Lamb and baby goat, with smoke from 135-year-old cypress.

Lamb and baby goat, with smoke from 135-year-old cypress.

We were almost exhausted by the intensity of the second musical element. And, I imagine, so was Mr. Silberger. I don’t know if he or his colleagues got anything to eat, but they had time to do so. The most substantial and best of the courses brought together lamb and baby goat–two meats I don’t think I’ve ever had together. I was already shaking my head from reading that the lamb loin is smoked with 1880s cypress wood. To my sensitivities, most of the food already seemed contrived. I wasn’t picking up a smoked aroma or flavor as it was, let alone any advantage that the meat would achieve from being smoked over 135-year-old wood.

Quince and apple baklava.

Quince and apple baklava.

The controversy between classical music and modern music came to mind. Should we push ahead to new frontiers for their own sake, even if they make us uncomfortable with their unfamiliarity? Or should we go after ultimate goodness of flavor, aroma, and those other matters?

I was very happy with the wines in this part of the cycle. My favorite wine of the night was a Bourgueil, a red from Loire Valley, which is much better known for its whites than its reds. The aroma was smoky and meaty, almost suggesting that one would need to chew it. The flavor had the same fascinating rusticity. The other two wines are more distinguished, and include a 1995 Pomerol from Chateau Gombaude-Guillot, served from magnums. Both this and the Chateau de la Font de Loup 2015 were much bigger wines, but I kept coming back to that fascinating red Loire.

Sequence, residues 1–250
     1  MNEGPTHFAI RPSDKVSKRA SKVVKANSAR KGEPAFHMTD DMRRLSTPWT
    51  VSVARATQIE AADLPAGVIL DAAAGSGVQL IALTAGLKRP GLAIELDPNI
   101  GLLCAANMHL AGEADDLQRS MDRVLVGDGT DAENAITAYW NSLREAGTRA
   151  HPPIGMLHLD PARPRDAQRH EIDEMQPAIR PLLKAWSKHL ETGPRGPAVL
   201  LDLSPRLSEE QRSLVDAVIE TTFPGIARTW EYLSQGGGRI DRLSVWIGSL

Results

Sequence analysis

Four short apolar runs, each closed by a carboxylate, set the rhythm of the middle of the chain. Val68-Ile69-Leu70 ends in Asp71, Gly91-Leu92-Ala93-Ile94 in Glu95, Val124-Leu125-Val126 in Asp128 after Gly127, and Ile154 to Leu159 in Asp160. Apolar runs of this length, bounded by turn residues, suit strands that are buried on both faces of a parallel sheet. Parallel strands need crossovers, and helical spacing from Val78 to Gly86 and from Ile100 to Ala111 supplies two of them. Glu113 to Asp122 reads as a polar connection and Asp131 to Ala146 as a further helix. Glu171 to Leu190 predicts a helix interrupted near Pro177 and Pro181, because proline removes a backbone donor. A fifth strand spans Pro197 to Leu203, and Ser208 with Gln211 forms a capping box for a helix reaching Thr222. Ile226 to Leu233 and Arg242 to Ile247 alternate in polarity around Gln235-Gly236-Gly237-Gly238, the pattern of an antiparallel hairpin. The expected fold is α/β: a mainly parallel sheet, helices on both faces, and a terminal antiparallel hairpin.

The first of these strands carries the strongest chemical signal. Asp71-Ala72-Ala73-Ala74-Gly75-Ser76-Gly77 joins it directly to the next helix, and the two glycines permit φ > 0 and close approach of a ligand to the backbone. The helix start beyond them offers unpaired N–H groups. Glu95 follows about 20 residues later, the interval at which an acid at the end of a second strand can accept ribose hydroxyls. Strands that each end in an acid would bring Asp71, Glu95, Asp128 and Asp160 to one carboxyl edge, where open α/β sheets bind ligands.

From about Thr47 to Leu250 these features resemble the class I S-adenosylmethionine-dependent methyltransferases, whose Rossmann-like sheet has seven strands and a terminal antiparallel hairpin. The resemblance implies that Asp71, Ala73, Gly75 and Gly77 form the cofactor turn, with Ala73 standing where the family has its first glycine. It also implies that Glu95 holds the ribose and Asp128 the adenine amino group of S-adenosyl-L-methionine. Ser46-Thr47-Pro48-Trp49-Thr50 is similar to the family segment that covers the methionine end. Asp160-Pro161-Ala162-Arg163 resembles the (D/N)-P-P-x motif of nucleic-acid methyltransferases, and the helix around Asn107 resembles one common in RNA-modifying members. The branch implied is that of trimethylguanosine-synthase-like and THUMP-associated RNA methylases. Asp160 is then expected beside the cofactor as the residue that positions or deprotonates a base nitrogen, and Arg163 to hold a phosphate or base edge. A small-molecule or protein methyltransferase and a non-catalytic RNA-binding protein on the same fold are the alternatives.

The final course was a baklava of quinces and yellow apples. (Quinces remind one of apples, was the trick here.) And we go back to Burgundy for another new wine idea: sweet 2012 Thierry et Pascal Matron, Aligote Moilleux.

The creative concept in this dinner was to capture the spirits of the music, the food, and the wine and then attempt to make their sensations multiply. I’m not sure that this idea has matured yet, at least not at this level of cooking, writing and playing music, and wine making. The Italians have it down: big red sauces and pasta and cheese eaten as an accordion plays and wines are poured from barrels full of wine grown in the nearby fields. But it’s hard enough to get one’s head around what our trendsetting chefs tell is is the current state of the culinary arts, let alone adapt wines and music to it.

That said, its clear that the attendees found the evening rewarding, as did I–even though not many of us completely understand or remember the details.